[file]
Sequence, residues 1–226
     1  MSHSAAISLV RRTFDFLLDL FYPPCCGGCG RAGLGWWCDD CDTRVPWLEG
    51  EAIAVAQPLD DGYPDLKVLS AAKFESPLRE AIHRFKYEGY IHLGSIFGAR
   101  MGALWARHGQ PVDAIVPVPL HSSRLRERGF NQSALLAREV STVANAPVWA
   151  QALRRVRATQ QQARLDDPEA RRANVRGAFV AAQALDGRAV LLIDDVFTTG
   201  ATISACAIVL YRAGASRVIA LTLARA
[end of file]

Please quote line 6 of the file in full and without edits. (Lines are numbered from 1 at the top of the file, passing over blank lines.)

   201  ATISACAIVL YRAGASRVIA LTLARA